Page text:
Since relational aggression is still a relatively new topic among scholars, there is not an abundant amount of research on it. According to one editorial for the Applied Developmental Psychology journal, “the focus on relational aggression…has been rapidly expanding in the past 15 years.” (Ostrov & Crick, 2006, p. 189). There has been a greater focus on studies dealing with aggressive behavior (i.e. physical violence) among adolescents than the covert, indirect ways of relational aggression. “The extant empirical literature [on relational aggression] focuses in the arena of basic research” (Young, Boye, & Nelson, 2006, p. 307) leaves a great need for data gathered from studies based on interventions. Therefore, many of the articles that I have read on relational aggression offer theories as to what it is, what its causes are, and possible ways to prevent it from occurring. However, few of these theories have been tested.
In the articles written by Yoon, Barton, and Taiarol (2004), Young, Boye, and Nelson (2006), and Merrell, Buchanan, and Tran (2006) relational aggression is discussed in terms of its implications for schools. In other words, it is defined based on prior research and analyzed to show that it is harmful and that there needs to be something done at the school level. All three articles refer to relational aggression as “behaviors that harm others through damage (or the threat of damage) to relationships or feelings of acceptance, friendship or group inclusion” (Crick et al., 1999, p. 77). The definitions of indirect and social aggression are included in the discussions of these articles as well. Suggestions are made in all three articles that education needs to be available to adults dealing with adolescents, as well as for adolescents themselves regarding relational aggression.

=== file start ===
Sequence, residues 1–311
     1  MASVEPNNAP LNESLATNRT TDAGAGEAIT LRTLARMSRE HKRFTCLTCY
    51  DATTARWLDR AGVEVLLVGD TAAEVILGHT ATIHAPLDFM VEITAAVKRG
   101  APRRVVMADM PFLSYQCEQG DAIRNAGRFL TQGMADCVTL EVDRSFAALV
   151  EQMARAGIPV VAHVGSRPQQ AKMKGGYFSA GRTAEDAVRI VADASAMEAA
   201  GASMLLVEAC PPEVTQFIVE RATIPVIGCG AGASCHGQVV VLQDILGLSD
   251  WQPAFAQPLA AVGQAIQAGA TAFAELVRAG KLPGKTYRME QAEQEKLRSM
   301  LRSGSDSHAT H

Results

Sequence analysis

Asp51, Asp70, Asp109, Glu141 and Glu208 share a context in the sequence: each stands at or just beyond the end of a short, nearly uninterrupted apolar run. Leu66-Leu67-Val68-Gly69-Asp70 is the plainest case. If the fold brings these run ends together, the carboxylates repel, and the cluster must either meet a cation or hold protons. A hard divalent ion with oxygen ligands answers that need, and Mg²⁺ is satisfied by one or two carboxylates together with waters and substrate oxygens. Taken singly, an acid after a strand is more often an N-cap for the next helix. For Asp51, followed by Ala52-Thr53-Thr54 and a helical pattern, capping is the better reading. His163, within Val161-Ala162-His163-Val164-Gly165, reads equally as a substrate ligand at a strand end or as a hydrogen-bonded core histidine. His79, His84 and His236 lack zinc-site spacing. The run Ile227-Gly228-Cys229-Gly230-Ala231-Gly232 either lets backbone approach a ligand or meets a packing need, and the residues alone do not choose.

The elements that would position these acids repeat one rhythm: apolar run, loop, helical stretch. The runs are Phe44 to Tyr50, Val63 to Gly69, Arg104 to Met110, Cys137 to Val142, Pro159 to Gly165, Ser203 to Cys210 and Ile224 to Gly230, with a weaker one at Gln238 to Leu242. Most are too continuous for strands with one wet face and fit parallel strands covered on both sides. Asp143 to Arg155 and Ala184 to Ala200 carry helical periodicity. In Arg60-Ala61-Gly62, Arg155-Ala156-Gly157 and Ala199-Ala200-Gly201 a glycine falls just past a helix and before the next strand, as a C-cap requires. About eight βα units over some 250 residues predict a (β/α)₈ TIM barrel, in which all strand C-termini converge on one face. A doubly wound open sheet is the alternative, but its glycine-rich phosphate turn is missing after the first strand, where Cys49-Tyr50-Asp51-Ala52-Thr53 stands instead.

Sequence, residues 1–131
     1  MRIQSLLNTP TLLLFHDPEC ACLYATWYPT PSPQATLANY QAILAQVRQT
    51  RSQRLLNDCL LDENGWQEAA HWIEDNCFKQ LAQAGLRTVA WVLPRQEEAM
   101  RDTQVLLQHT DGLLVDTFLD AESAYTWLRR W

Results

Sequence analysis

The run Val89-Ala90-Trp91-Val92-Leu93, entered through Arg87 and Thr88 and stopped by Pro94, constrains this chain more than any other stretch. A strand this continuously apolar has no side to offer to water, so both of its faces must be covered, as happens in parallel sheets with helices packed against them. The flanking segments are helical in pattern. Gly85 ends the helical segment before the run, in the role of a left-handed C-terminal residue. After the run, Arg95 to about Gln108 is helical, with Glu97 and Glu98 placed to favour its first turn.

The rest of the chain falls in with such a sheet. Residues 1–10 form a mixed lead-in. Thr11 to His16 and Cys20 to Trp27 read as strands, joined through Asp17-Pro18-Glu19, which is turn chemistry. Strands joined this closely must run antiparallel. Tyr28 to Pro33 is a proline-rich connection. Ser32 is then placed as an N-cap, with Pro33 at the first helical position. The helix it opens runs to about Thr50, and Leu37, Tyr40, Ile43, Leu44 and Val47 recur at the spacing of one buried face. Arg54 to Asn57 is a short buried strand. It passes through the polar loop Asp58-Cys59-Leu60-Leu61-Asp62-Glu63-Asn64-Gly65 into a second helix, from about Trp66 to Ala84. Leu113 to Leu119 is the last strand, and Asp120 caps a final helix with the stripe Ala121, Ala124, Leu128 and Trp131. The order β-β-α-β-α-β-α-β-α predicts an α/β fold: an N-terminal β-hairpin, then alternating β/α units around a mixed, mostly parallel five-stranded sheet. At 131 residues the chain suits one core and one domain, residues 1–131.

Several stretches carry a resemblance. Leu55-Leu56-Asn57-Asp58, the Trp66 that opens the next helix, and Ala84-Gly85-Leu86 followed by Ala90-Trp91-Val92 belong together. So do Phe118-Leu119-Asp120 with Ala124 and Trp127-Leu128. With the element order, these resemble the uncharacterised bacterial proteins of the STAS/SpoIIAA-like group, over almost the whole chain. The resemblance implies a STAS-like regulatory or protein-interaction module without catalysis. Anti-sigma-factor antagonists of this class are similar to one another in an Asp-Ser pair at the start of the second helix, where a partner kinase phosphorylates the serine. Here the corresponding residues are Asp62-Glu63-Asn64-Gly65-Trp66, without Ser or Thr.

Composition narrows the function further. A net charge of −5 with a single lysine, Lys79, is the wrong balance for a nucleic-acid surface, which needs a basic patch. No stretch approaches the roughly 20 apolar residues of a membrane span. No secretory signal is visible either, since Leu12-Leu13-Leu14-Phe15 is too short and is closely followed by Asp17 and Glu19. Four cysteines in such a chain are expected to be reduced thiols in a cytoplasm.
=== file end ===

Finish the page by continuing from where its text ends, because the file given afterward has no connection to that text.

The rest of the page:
Yoon, Barton, and Taiarol state that there is “limited discussion…regarding prevention and intervention issues that educators face” (2004, p. 304), yet still feel that there is a need for intervention. Merrell, Buchanan, and Tran find that administrators, teachers and other staff should be educated and trained in dealing with relational aggression and intervention techniques should be careful not to focus only relational aggression, but rather to promote positive social behaviors and attitudes among students (2006). Young, Boye, and Nelson state that “summarizing what is known about relational aggression is difficult because disparate findings have been reported, different constructs have been used in the research, and developmental differences are evident” (2006, p. 302). This leaves one searching for the interventions and studies that have been done.